Thursday, January 26, 2012

[ZESTCaste] Her Sarvajan Test (Christophe Jaffrelot)

Her Sarvajan Test

Christophe Jaffrelot Posted online: Thu Jan 26 2012, 03:09 hrs

The building of a pan-Indian Dalit party was the goal of B.R. Ambedkar
for 20 years. He successively initiated the Independent Labour Party
(1935), the Scheduled Castes Federation (1942) and the Republican
Party of India (1956). But none of these could make an impact, largely
because Dalit jatis were not prepared to join hands and support the
same party. In fact, the Mahars — Ambedkar's caste fellows — were the
only ones who tended to support his parties.

The Bahujan Samaj Party, founded in 1984 by a militant Ambedkarite,
Kanshi Ram, has gradually overcome this handicap. In the course of the
past two decades, it has emerged as a full-fledged Dalit party,
largely because it was in a position to cash in on the development of
a Dalit counter-culture (look at the Dalit poetry) and positive
discriminations programmes which have given birth to a Dalit middle
class whose dedicated members were keen to organise themselves and
their caste fellows.

In its stronghold of Uttar Pradesh, where the BSP could rely on the
Backward and Minority Communities Employees Federation (BAMCEF), a
movement of mostly Dalit public-sector employees that Kanshi Ram had
developed from the 1970s onwards, the BSP became the third largest
party in 1989. It then benefited from the impact it could make as a
coalition partner of the Samajwadi Party at the helm of the government
of Uttar Pradesh in 1993-95. In this capacity, it advocated policies
intended to promote the interests of the Dalits at large, such as the
Ambedkar Village Scheme. Mayawati, the BSP leader, repeated the same
strategy when she became chief minister of UP with the support of the
BJP in 1996-97 and 2003. Eventually, the BSP won a majority of seats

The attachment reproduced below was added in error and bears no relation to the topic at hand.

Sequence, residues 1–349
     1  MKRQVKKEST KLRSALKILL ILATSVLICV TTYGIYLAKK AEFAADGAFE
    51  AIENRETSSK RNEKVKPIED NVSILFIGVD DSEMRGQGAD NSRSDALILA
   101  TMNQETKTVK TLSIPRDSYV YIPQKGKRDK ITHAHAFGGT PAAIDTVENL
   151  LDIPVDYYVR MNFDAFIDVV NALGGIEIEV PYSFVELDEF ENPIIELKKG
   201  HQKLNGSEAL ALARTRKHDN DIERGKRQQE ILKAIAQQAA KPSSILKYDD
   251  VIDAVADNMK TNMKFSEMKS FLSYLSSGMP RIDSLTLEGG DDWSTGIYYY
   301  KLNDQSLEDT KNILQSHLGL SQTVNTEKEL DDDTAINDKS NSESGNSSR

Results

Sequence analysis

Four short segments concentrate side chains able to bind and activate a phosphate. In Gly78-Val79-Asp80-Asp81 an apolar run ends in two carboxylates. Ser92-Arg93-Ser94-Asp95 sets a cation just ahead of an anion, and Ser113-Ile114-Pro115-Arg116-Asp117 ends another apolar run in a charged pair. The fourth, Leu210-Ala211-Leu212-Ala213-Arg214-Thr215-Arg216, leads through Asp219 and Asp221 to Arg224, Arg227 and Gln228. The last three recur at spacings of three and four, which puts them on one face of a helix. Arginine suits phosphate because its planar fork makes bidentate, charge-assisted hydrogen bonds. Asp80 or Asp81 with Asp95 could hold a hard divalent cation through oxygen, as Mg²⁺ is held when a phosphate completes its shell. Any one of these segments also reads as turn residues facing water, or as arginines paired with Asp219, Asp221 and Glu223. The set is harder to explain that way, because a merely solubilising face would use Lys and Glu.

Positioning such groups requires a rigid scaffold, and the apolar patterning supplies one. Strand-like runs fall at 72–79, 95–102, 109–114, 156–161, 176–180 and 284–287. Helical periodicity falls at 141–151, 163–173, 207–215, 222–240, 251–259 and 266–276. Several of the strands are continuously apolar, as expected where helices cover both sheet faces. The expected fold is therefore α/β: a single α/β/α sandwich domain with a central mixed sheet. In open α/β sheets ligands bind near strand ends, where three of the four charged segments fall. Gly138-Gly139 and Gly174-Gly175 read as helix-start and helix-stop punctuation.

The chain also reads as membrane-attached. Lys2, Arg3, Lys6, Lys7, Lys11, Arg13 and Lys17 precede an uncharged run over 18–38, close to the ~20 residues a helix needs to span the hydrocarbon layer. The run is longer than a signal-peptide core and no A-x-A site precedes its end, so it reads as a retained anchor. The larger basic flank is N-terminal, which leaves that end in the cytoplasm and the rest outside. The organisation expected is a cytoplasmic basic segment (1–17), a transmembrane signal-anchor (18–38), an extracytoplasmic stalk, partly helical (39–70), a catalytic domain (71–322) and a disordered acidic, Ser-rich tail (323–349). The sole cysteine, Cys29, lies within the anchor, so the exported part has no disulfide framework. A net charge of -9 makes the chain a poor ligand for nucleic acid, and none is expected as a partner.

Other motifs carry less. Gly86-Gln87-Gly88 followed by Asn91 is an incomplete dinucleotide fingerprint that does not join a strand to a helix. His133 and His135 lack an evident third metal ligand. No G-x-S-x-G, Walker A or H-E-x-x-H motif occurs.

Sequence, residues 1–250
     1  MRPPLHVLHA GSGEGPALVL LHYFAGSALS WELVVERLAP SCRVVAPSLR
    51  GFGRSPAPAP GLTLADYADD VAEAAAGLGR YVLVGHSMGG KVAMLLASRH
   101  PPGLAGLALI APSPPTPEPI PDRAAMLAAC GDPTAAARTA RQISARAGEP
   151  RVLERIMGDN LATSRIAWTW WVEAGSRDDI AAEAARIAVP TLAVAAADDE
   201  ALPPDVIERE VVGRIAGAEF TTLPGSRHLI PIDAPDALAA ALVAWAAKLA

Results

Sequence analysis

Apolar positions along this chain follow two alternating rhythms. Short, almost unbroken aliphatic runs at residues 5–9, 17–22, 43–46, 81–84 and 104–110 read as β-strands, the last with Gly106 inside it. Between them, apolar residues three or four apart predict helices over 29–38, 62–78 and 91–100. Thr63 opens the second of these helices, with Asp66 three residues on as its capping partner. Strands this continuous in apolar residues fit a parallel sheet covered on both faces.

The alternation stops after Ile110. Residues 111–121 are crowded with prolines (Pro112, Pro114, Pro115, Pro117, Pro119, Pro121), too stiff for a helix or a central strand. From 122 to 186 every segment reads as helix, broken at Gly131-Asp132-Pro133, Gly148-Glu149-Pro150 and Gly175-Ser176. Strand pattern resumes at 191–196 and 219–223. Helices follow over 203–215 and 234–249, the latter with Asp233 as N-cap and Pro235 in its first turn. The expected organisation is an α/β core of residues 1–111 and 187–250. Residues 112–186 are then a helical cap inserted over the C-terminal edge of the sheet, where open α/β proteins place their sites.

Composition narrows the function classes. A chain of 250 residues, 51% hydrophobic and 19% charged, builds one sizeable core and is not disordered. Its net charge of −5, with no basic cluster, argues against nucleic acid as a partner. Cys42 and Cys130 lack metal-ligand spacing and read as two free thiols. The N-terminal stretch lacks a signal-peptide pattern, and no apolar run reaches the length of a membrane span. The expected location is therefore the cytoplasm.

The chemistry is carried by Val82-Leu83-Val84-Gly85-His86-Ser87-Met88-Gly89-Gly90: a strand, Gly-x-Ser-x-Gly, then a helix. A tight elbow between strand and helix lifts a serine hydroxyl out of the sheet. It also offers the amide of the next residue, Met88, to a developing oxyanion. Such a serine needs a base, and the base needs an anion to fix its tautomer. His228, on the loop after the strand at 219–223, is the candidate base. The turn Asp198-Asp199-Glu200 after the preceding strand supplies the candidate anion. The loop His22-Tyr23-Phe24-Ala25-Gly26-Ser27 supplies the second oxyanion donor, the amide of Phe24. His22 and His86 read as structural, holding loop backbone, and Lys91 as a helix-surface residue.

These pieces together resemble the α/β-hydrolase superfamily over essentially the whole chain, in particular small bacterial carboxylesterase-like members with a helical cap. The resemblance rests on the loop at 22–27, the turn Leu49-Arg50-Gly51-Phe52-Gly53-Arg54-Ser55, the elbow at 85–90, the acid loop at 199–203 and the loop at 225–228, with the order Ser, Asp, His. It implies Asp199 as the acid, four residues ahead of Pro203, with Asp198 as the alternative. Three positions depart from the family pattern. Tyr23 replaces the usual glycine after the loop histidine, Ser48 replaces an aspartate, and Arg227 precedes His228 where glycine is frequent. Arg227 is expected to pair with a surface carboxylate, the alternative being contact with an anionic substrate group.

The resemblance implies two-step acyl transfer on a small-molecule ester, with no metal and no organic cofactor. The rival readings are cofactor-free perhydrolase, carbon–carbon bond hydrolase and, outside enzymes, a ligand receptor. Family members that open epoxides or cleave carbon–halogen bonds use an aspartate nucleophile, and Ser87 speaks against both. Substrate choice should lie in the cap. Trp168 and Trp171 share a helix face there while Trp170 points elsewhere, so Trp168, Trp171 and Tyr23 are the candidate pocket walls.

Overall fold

in the state assembly in 2007.

While in office in UP, the BSP has combined symbolic and substantial
measures. On the one hand, it has given the name of Dalit
personalities to districts and stadiums and built a large number of
Ambedkar statues in order to visibly inscribe the subaltern in the
monumental history and public space of India — and, thereby, to foster
their self-esteem. On the other hand, it has accomplished the fullest
implementation of quotas ever achieved in the state. It has also
strictly implemented the Scheduled Caste and Scheduled Tribe
(Prevention of Atrocities) Act 1989, which has started to transform
social relations at the local level. The BSP has gradually reinforced
its stand among Dalits at large, so much so that it is not, any more,
the party of one jati, the Jatavs (the caste of Mayawati), but the
party of most of the UP Dalits. In 2009, according to a CSDS survey,
85 per cent of the Jatavs, 64 per cent of the Dusadhs (or Pasis) and
61 per cent of other Dalits have voted for the BSP.

With 21 per cent of the Dalits voting for the BSP (against 27 per cent
voting for the Congress), according to CSDS data, the party has become
the third largest party in India (by vote share), ahead of the